When the Swiss State Secretary for Education, Research and Innovation (SERI) Mauro Dell’Ambrogio, and the Vice-Rector of the University of Basel, Dr. Ed Constable, visited Seoul on the occasion of the 2nd Swiss-Korean Life Science Symposium, they had an extensive interview with Chosun News, Korea’s largest news outlet. The topics of discussion were focused on the topic of youth unemployment – one of the most pressing topics for Korea currently and a topic where Switzerland serves as a benchmark.
“Al Jazeera News” claims that Vocational Education and Training (VET) is the main reason why Switzerland was able to maintain such a low youth unemployment rate. The youth unemployment rate for Switzerland in 2014 was 3.16%, which is the lowest unemployment rate in all of Europe. The figure below shows that Switzerland was able to maintain a consistently low youth unemployment rate over the last years.
In Korea, the picture looks less positive. According to data from the National Statistics Office that was collected in July 2015, the youth unemployment rate in Korea was calculated to be approximately 10%. But because this number takes temporary and contract jobs into consideration, experts estimate the actual youth unemployment rate to be somewhere close to 15%.
To discuss the success of Switzerland in maintaining such a low youth unemployment rate, Chosun posed some questions to State Secretary Dell’Ambrogio and the Vice-Rector Constable. State Secretary Dell’Ambrogio gave a detailed overview regarding the purpose of Swiss VET system and its effectiveness and positive outcome:
“We have analyzed the mid to long-term school programs that youths go through from age 15 until university. We found that if students only receive classroom lessons from middle school and high school up to university, a significant number of students lose interest in their studies. So the government began to contemplate.
This is why we decided to enforce vocational education training (VET) on students at age 15 who have lost interest in their studies. We believed that students can handle vocational education training at age 15. Of course, this vocational education training would parallel their classes at school. Students receive vocational education training and take regular classes at school 3-4 times a week and 1-2 times a week, respectively.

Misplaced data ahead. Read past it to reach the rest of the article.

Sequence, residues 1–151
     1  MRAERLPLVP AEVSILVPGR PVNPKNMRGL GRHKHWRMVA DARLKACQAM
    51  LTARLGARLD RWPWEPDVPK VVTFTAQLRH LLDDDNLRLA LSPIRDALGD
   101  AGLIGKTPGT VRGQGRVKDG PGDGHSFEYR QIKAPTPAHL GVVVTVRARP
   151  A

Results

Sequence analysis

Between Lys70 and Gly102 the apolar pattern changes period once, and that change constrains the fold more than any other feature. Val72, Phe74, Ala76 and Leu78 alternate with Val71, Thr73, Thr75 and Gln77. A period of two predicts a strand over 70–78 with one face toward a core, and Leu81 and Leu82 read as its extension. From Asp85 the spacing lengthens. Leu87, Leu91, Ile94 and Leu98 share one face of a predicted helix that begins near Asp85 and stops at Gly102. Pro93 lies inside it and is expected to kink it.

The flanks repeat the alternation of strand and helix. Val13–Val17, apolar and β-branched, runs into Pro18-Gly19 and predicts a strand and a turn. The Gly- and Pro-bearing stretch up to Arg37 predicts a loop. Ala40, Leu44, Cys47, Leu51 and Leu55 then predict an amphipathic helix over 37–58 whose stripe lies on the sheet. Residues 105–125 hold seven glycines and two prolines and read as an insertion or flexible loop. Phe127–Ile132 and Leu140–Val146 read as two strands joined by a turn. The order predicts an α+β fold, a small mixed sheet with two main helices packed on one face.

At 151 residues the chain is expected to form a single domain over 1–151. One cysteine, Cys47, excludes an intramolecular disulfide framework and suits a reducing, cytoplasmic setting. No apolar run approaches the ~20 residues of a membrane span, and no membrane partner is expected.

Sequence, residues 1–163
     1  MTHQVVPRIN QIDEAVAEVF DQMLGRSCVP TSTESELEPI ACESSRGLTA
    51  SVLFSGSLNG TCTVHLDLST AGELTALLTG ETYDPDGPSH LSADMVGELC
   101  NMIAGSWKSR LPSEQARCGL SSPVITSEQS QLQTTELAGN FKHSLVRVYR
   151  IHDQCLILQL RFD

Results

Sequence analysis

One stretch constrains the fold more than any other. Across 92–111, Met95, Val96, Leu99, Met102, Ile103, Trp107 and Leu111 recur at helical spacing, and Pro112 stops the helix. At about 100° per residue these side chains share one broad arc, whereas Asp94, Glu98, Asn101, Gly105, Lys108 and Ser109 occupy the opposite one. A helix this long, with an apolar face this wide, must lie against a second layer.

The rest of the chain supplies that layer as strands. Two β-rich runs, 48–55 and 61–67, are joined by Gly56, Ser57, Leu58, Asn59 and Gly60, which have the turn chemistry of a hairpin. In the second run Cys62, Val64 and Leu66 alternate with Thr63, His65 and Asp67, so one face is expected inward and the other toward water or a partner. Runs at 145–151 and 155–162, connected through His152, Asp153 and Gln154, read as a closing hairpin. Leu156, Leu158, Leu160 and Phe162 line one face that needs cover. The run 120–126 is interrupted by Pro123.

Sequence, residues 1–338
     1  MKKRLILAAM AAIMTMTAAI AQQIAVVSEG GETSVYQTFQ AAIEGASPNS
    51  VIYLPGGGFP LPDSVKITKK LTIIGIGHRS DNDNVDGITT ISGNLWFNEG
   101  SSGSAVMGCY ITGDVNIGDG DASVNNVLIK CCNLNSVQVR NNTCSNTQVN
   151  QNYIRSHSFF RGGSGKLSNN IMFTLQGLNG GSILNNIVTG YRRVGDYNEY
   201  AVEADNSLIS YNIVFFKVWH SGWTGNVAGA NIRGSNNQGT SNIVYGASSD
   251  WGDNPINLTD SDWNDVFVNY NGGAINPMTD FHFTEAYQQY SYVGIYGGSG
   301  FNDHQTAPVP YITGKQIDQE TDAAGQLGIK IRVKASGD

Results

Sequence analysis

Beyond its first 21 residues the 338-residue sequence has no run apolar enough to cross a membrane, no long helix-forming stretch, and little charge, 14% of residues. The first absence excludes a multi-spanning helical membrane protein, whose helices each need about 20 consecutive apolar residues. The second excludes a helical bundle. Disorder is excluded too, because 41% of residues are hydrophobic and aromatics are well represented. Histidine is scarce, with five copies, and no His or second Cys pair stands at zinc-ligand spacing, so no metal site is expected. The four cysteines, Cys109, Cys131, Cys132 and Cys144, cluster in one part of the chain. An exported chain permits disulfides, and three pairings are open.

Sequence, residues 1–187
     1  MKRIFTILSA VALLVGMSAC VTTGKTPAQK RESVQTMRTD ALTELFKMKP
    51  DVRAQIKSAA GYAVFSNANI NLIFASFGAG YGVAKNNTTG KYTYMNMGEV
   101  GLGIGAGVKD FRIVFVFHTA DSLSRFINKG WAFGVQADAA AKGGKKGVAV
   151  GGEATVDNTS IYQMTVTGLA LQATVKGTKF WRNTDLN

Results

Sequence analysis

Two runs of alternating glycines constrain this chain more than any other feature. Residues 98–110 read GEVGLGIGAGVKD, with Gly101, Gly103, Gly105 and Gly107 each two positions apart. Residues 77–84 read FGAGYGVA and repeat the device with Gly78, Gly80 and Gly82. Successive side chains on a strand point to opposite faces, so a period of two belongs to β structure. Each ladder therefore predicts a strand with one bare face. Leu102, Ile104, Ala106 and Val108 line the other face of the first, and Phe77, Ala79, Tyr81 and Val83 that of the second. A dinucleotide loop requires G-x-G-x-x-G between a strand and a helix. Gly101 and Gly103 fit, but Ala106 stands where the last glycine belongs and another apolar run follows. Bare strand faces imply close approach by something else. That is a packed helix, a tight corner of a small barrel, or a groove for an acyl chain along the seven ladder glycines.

If students want, they can get a job right after graduation or they can choose to study more at a university. The choice belongs to the student. Seeing how the school dropout rate decreased significantly after Switzerland started to offer two different paths, we believe this system is successful. To give you exact numbers, less than 5% of people in Switzerland have no certificate or diploma.”
Chosun then raised another interesting question. Military Service may interrupt studies or career for young gentlemen in Korea. In such a case, how could this gap be resolved in the system of VET? State Secretary Dell’Ambrogio answered:
“If we just think about the issue with military service, Switzerland also requires military service. But of course, it is only for 5 months. But, I’ll tell you what we do in Switzerland. For example, let’s say I am a 19 year old who received vocational education training as a chef. This student can serve in the military as a kitchen police, which is appropriate given their vocational education training. A student who received training in the IT field can be placed in the communication field.
The Federal Department of Defense will look at what vocational education training the student previously received [during the high school level] and place them in a similar branch of service if possible. Of course, not every field of society can be covered in the military, but this is done whenever possible. So, the two years of military service can become a part of the vocational education training experience.”
The university also has an important role in relation to the low youth unemployment rate in Switzerland, namely by encouraging entrepreneurship. Vice-Rector Constable shared his perspective on the situation in Basel.
“…we encourage these talents (graduate students) to break out of the shell of traditional education methods. This is part of what incubating facilities and the production lab in workshop [of University of Basel] offers.
This incubating program and facility is not there to teach students theory, but to teach them knowledge and skills that can be used directly in the market. Even if these skills are trivial, we make sure they find success as an entrepreneur in the actual market. Simply put, by teaching them commercial skills, we help students to become successful entrepreneurs. These skills are different from publishing an academic paper on “Nature”, the journal. Thus, even though there is risk involved in starting a business in the short run, I think it will help lower the youth unemployment rate in the long run.”
An english translation of the original article can be downloaded here. In addition to the interviews with the State Secretary Dell’Ambrogio and Vice-Rector Constable, the article also includes interviews of two Korean students who received VET training in Switzerland through in South Korea’s established program with Roche Diagnostics and Bühler.